Dietary patterns combining the diets of the mother and child were analyzed by principal component analysis using 30 food groups, including nonessential foods and seasoning spices, in an attempt to derive factors affecting dietary patterns. Food groups that represented principal components were those with the load factors of ≥ 0.30 and those that could be judged as “having a slight correlation.” Dietary pattern analyses are widely used in a variety of ways [20].

Furthermore, the relationship between the BMI of FA mothers and the use of substitute foods was investigated using linear regression analysis with the mother’s BMI as the objective variable and the child’s age and sex, the mother’s age, and the use of substitute foods as explanatory variables.

Statistical processing

SAS Version 9.4 (SAS Institute Inc., Cary, NC, USA) was used for statistical processing, and data are presented as mean ± standard deviation (mean ± SD). The Welch t-test was used to compare differences in the average values between the two independent groups. Spearman’s rank correlation analysis was used to evaluate the correlation of the meal contents of mothers and children. Principal component analysis was used to extract dietary pattern. Multiple regression analysis (stepwise) was used to test linear regressions. The statistical significance level was set to P < 0.05 in two-sided tests.

Ethical compliance with human study

This study was approved by the Ethical Review Board of the Osaka Prefectural Medical Center for Respiratory and Allergic Diseases (currently known as Osaka Habikino Medical Center) (Approval no. 633; approved on April 11, 2013) and the Research Ethics Committee of the Mukogawa Women’s University and Junior College (Approval no. 13-06; approved on May 28, 2013), and was conducted in accordance with the Helsinki Declaration. The study content was explained to the subjects beforehand, and their written consent was obtained. Consent was also obtained for the use of sensitive information in this study, and personal information was pseudonymized when conducting the analysis.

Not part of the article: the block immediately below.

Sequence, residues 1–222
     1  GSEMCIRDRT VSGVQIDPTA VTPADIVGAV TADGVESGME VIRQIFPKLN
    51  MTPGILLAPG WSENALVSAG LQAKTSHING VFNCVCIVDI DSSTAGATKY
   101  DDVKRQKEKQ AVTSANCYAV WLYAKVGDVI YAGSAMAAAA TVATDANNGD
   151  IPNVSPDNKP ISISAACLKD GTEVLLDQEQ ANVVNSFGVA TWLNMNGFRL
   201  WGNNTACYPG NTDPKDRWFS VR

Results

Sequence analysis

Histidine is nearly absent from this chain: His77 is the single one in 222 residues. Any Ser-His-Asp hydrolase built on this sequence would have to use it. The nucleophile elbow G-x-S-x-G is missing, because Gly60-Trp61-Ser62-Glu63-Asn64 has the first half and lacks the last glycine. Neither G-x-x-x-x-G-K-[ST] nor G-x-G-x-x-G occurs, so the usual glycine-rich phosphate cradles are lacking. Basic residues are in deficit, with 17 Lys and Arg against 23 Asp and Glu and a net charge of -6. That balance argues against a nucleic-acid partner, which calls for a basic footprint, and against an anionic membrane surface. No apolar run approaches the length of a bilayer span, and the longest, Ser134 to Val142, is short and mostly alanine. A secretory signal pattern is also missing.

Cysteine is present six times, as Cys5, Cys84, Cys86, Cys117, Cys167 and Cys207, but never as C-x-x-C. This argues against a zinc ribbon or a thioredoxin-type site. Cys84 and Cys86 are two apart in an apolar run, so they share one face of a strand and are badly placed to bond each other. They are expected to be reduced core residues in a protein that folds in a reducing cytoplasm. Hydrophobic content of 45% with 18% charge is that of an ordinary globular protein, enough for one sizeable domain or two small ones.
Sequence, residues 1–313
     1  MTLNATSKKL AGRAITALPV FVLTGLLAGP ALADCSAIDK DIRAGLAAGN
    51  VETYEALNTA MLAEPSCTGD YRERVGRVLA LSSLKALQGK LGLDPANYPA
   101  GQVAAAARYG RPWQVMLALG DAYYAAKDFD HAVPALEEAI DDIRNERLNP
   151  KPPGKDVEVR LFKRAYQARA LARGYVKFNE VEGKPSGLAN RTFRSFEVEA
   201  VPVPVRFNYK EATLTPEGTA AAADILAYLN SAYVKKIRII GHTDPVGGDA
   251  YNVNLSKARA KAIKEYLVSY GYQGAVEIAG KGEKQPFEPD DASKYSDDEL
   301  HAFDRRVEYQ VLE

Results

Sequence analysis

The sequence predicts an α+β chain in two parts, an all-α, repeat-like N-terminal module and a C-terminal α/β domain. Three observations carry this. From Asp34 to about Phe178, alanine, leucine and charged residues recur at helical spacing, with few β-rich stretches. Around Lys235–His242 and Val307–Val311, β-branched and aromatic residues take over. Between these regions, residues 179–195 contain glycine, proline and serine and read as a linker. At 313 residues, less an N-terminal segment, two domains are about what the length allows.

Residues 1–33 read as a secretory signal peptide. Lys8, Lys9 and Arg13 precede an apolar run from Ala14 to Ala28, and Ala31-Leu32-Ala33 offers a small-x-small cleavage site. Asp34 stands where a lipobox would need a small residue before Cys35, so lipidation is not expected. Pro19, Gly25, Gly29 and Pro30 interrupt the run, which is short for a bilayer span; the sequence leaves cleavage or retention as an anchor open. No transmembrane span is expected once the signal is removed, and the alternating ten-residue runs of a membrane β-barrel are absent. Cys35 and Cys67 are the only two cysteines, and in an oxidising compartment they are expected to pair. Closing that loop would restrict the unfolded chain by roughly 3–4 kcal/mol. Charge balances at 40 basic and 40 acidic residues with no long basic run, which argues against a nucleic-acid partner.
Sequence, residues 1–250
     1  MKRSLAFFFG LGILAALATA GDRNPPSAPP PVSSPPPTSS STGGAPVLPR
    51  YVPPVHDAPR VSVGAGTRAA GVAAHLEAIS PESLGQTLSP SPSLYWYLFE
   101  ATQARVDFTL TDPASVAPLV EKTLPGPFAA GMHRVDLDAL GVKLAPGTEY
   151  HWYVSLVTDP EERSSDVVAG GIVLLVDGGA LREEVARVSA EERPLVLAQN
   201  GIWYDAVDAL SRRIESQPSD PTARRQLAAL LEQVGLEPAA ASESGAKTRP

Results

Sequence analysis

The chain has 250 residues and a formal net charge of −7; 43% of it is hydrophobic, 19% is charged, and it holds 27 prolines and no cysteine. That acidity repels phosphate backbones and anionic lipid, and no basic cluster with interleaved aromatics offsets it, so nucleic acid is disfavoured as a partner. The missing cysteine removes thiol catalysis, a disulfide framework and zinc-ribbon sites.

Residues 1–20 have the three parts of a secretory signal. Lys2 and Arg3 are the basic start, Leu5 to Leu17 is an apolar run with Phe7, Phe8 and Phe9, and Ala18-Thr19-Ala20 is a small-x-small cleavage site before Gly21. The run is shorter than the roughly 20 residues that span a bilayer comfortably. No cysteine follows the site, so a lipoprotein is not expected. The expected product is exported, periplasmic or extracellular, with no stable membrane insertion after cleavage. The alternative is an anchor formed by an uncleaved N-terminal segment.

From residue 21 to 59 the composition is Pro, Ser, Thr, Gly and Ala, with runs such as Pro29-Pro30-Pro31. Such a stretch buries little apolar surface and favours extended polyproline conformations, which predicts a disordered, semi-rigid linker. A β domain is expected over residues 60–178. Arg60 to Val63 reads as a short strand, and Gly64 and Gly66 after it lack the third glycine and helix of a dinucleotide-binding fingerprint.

Results▴Top 

Profile survey

There were no differences between the BMIs of children in the FA and N groups. The BMIs of mothers were significantly lower in the FA group (20.1 ± 2.3 kg/m2) than those in the N group (21.4 ± 3.3 kg/m2) (P = 0.038) (Table 1). There were significantly more alcohol consumers in the FA group than those in the N group (P < 0.001); however, the volume of alcohol consumption did not differ between the FA and N groups. Therefore, alcohol consumption was interpreted to have no major effects.

Table 1.
Click to view
Table 1. Demographics
 

Dietary survey

Adequacy of nutrient intake

There were no differences in the adequacy of energy-intake rate between the FA and N groups in both mothers and children.

In children, the nutrients for which the intake adequacy was significantly higher in the FA group than in the N group were vitamin B1, vitamin C, potatoes, sugars, fruits (all P < 0.05), and meat (P = 0.001), whereas the intake adequacy of eggs was significantly lower in the FA group than in the N group (P < 0.001).

In mothers, the nutrients for which the intake adequacy was significantly higher in the FA group than in the N group were protein, salt (both P < 0.001), vitamin D, fishes, and sweets (all P < 0.05), whereas the intake adequacy for nonessential beverages was significantly lower in the FA group than in the N group (P = 0.032) and tended to be lower for eggs (P = 0.074) (Table 2). Sweets were grain-based confectioneries (e.g. rice confectioneries) that did not contain eggs or milk.

Table 2.
Click to view
Table 2. Adequacy of Nutritional Intake
 

Correlation of meal content between mothers and children